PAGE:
Are You Getting Too Much D?

By David Blyweiss, M.D.

Vitamin D has been in the news a lot over the past few years. And as more benefits are discovered, it seems like taking more is definitely better.

Yet not everyone seems to be on the vitamin D bandwagon. The Institute of Medicine’s Food and Nutrition Board (FNB) recently put out a report saying that taking more than 800 IU of this amazing nutrient is unnecessary and might even be harmful!

Should you ignore this report? Absolutely. So let’s look at why.

The committee only looked at the amount of vitamin D you need to build strong bones. And yes, that’s important.

But that’s only one of the many important things this beneficial nutrient does.

The health benefits of vitamin D extend to at least 100 types of disease.  And the strongest evidence is for many types of cancer (breast, colon, ovarian, pancreatic, prostate, and rectal), cardiovascular disease, type 1 and 2 diabetes, as well as respiratory infections such as the flu and pneumonia, and autoimmune diseases like multiple sclerosis.

What’s more, when you’re not getting enough D, it can affect your mood, your immune system and even your chances of dying. A 2008 study found that low levels of vitamin D increased the risk for death of any cause by a whopping 26% compared with people who had “optimal” levels of D in their blood.1

So why isn’t your doctor telling you to take move vitamin D?

Well, most doctors look at vitamins solely in terms of what’s required to prevent a deficiency. For instance, the “recommended daily allowance” for vitamin C is the amount you need to prevent scurvy. And the recommended daily allowance for vitamin B1 (thiamine) is the amount you need to prevent beriberi.

But I think it’s important to think in terms of how much you need to support optimal health.

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And the problem is, most of us just don’t get enough. And that can cost you dearly in terms of energy, health and even physical performance.

You see, scientists first noticed the connection between vitamin D and physical performance when a study was released in The Journal of Gerontology  found vitamin D helped older people with disabilities.2 Another study presented at a meeting of The American Society for Mineral and Bone Research also found that low levels of vitamin D were linked to poor physical performance. In that study, older men and women with low serum levels of vitamin D performed significantly worse on standard tests for balance and strength. But after taking supplemental vitamin D, their scores improved.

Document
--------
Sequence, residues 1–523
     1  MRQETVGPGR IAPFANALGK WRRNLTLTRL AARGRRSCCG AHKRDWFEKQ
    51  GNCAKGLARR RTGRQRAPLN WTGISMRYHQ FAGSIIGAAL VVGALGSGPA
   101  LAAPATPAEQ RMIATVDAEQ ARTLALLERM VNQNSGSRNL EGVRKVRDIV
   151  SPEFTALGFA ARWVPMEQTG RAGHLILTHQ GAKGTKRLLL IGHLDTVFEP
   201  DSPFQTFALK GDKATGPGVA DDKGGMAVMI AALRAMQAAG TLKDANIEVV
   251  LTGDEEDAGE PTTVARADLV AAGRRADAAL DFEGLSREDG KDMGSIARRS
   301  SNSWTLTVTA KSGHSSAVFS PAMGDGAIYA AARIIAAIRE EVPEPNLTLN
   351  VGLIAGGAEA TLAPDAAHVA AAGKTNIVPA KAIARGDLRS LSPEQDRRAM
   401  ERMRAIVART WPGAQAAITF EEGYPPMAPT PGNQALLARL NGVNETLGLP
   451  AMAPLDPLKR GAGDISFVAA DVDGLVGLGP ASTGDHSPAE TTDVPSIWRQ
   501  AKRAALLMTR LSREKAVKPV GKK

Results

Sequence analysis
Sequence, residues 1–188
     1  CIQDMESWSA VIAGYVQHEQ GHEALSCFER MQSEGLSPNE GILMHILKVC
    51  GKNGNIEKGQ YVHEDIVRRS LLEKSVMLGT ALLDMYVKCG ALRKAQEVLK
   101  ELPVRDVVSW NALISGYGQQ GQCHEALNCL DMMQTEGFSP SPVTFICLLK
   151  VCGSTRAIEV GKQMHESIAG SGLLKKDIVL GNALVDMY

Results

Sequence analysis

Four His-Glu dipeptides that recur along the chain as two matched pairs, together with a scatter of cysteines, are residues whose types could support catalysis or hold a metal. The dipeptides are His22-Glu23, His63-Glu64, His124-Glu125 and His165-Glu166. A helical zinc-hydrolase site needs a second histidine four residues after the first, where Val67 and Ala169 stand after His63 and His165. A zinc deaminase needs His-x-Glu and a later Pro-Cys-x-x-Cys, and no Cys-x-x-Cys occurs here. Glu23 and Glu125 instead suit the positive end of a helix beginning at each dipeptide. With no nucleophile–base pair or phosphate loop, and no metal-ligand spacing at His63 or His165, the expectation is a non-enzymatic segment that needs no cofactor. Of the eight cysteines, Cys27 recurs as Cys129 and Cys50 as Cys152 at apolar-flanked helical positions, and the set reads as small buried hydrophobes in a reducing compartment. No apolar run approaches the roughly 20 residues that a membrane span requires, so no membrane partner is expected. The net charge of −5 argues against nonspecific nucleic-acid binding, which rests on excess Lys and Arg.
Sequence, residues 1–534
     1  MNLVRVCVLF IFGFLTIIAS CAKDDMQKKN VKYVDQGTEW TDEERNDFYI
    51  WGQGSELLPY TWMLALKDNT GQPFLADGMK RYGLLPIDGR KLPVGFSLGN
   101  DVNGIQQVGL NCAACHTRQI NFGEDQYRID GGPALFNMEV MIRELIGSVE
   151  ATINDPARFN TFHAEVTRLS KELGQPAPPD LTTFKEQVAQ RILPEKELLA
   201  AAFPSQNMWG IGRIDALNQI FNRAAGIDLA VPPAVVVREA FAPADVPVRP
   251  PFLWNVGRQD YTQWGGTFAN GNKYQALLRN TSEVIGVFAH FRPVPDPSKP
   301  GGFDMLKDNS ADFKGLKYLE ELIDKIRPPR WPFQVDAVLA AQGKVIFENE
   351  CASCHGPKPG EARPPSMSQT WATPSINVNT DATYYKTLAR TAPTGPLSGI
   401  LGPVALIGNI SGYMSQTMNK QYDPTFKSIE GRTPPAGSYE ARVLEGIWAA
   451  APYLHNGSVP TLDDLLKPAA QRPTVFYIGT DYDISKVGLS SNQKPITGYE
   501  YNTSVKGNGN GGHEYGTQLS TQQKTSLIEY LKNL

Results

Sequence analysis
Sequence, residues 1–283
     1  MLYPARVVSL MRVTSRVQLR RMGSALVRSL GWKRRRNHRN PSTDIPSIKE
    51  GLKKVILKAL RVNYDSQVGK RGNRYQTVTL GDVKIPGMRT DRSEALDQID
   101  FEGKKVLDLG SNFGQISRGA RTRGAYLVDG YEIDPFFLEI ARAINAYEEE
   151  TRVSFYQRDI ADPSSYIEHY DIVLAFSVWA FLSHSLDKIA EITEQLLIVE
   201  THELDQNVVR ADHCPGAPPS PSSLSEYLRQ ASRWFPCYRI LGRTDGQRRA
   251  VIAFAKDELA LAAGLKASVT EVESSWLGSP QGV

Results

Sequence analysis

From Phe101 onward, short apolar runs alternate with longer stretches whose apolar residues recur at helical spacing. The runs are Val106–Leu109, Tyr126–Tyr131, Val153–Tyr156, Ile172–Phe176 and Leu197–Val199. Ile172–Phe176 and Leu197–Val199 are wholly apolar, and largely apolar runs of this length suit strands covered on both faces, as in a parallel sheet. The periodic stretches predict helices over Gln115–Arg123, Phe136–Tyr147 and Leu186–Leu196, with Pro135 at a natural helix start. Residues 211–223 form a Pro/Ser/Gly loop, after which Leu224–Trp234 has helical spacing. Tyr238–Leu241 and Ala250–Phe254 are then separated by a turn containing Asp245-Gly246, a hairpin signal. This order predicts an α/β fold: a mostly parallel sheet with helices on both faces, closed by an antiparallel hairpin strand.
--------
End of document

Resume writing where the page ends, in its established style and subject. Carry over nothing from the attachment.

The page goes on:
These studies are just the tip of the iceberg. Here’s a quick overview of what other research suggests vitamin D can do for you:

  • Regulate blood pressure.
  • Play a key role in cognition later in life.3
  • May help guard against age-related macular degeneration.4
  • Help the body absorb nutrients.
  • Boost immune function.
  • Protect against rheumatoid arthritis.
  • Reduce the severity and frequency of asthma attacks.
  • Help maintain a healthy weight.5

So how much vitamin D should you take to get all of these benefits?

The latest recommendation of scientists on the cutting edge of vitamin D research is 2,000 IU—a far cry from the FBN’s proposal. But even that might not be enough.

Remember that the body itself will easily make 10,000 IUs after just a few hours in the sun. Based on this, I—along with some my colleagues who specialize in functional medicine—believe the correct dosage is more like 4,000 to 5,000 IU daily.

And since there’s no evidence of toxicity at this dosage, it’s the safe and effective way to get all the protection vitamin D has to offer.


  1. Melamed ML. 25-hydroxyvitamin D levels and the risk of mortality in the general population. Archives of Internal Medicine. 2008;168:1629-1637.
  2. Houston DK. Change in 25-hydroxyvitamin d and physical performance in older adults. The Journals of Gerontology. 2011;66:430-436.
  3. Annweiler C. Association of vitamin D deficiency with cognitive impairment in older women: cross-sectional study. Neurology. 2010;74:27-32.
  4. Millen AE. Vitamin D Status and Early Age-Related Macular Degeneration in Postmenopausal Women. Archives of Ophthalmology. 2011;129:481-489.
  5. Shahar DR. Dairy calcium intake, serum vitamin D, and successful weight loss. American Journal of Clinical Nutrition. 2010;92:1017-1022.